TORONTO, CANADA -- October 16, 2006 -- Patients who have human immunodeficiency virus infection should be offered measles vaccinations if an outbreak erupts, doctors said here at the 44th annual meeting of the Infectious Diseases Society of America (IDSA).
"Recent outbreaks of measles in adults in Mexico have raised the question of safety and efficacy of measles vaccine in HIV-infected adults," said Pablo Belaunzaran, MD, infectious disease specialist, Instituto Nacional de Ciencias y Nutricion, Salvador Zubiran, Mexico.
Dr. Belaunzaran and colleagues recruited 26 patients with HIV infection and 25 normal controls. All were vaccinated with the measles, mumps and rubella vaccine.
After 3 months, 84% of patients with HIV exhibited specific antibodies against measles compared with 86% of subjects who did not have HIV. Dr. Belaunzaran said the differences after 3-months were not statistically significant (P = .59).
After 1 year, 26 of HIV-positive patients and 21 of HIV-negative were again studied. At his time, 30% of HIV-positive patients showed antibodies to measles compared with 81% of HIV-negative patients. That difference reached statistical significance at the P = .002 level, Dr. Belaunzaran said in his poster presentation on October 13th.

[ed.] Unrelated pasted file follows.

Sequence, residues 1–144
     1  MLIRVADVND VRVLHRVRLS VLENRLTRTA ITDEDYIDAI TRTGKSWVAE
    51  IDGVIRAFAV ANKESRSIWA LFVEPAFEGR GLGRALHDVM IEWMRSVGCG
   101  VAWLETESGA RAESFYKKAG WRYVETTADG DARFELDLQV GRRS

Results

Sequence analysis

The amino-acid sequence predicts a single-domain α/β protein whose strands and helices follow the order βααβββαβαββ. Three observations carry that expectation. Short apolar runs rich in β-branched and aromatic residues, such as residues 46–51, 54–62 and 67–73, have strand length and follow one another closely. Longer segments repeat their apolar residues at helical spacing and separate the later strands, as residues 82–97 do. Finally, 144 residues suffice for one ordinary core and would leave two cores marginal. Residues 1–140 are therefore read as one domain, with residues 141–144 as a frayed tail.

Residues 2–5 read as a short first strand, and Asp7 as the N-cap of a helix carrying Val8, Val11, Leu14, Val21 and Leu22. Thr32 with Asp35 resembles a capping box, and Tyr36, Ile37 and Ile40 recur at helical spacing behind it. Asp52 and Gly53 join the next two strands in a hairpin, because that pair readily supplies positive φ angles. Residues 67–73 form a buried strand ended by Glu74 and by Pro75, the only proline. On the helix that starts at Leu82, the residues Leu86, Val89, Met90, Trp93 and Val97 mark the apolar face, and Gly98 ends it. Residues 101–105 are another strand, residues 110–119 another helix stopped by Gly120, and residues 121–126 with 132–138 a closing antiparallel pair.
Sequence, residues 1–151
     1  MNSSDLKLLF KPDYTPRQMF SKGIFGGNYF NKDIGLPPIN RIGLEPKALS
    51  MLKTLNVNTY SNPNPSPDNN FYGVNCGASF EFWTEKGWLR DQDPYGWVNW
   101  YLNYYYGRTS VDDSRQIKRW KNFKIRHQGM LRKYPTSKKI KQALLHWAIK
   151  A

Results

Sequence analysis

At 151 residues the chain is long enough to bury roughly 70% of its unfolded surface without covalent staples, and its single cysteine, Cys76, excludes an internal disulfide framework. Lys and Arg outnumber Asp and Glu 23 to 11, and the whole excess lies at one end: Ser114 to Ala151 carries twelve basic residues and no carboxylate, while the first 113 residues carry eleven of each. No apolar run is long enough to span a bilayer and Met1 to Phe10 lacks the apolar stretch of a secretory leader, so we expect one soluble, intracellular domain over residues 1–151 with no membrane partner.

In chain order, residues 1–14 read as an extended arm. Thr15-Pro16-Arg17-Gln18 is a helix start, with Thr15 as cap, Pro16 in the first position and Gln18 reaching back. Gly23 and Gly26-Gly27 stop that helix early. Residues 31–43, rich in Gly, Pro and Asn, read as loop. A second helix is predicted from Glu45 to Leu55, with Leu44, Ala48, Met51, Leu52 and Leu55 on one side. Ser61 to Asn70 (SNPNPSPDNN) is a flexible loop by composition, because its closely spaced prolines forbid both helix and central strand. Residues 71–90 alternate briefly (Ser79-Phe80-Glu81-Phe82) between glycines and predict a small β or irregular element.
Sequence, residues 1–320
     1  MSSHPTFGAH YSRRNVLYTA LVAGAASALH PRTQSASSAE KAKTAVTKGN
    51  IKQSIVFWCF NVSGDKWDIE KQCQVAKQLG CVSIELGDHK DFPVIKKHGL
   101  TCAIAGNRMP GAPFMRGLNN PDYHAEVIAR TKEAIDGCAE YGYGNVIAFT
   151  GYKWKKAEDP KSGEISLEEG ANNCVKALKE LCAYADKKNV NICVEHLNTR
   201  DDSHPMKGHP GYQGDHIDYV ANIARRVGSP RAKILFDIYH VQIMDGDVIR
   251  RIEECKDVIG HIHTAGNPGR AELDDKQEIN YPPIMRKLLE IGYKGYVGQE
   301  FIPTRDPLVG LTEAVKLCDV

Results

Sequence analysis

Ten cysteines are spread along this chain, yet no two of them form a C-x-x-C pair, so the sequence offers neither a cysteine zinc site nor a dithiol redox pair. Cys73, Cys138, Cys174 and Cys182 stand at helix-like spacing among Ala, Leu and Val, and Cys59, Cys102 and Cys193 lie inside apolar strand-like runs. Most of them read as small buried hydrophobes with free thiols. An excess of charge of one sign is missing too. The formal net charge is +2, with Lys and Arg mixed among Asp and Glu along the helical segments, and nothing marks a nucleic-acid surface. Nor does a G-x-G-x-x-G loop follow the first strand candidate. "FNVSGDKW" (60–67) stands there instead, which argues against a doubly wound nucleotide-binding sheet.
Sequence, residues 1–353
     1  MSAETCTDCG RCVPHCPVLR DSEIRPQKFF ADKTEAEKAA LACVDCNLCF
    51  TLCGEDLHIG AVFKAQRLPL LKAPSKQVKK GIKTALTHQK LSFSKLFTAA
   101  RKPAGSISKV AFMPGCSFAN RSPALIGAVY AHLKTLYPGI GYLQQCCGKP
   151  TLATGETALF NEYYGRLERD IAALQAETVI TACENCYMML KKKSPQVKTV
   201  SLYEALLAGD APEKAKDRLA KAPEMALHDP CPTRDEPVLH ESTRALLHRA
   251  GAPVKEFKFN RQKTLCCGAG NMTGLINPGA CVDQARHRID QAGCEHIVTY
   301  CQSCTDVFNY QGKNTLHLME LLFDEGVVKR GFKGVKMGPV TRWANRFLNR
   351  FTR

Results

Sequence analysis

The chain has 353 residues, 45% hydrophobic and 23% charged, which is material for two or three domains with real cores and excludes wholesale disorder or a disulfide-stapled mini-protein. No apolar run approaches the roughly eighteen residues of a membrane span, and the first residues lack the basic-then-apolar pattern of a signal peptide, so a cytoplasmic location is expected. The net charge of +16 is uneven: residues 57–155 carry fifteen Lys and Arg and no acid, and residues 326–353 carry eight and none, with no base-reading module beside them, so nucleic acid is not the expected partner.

"Measles vaccine was effective at 3 months," he said. "However, humoral response was not maintained at 1 year of follow-up with HIV infected subject."
Dr. Belaunzaran said that because cellular immunity remained unchanged in both groups, it is possible that the HIV-positive patients still retain protection against measles. Of those whose cellular immunity responses were elicited, 66.7% of 24 HIV-positive patients exhibited cellular responses at 1 year compared with 44% of 16 HIV-negative patients (P = .6).
This study indicates that HIV-positive patients with high levels of CD-4 positive cells -- the average in his HIV cohort was 496 cells/mL -- should receive regular measles vaccinations.